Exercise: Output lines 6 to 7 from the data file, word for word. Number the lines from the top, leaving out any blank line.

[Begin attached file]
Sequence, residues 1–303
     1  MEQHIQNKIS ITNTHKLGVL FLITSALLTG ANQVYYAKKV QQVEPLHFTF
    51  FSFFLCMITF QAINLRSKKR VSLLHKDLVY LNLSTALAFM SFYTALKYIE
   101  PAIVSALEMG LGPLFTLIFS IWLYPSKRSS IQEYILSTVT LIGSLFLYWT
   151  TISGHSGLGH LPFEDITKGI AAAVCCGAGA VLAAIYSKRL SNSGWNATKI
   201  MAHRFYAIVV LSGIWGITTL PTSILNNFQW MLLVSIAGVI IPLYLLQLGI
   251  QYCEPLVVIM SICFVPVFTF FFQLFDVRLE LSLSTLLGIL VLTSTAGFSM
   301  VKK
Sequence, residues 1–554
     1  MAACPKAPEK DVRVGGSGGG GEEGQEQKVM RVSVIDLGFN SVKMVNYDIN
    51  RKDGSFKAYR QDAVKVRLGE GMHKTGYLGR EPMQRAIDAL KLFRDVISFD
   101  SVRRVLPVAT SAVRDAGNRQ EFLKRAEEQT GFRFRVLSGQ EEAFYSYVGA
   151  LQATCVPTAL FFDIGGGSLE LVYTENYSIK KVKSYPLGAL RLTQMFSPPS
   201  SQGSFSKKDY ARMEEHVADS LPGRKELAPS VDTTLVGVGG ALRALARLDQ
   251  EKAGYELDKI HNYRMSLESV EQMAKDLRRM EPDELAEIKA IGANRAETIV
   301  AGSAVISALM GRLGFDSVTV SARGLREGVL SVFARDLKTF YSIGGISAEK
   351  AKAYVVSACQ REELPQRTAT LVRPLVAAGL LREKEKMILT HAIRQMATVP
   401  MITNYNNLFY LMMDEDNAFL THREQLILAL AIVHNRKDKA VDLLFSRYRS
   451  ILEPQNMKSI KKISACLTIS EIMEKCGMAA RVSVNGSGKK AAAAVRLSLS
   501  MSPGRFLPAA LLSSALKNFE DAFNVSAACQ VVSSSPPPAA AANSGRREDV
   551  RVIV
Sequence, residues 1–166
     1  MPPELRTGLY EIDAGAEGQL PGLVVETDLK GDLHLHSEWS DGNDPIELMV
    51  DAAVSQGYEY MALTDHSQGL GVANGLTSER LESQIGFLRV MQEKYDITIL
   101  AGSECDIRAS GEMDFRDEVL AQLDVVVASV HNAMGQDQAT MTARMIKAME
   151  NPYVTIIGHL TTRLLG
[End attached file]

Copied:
   201  MAHRFYAIVV LSGIWGITTL PTSILNNFQW MLLVSIAGVI IPLYLLQLGI
   251  QYCEPLVVIM SICFVPVFTF FFQLFDVRLE LSLSTLLGIL VLTSTAGFSM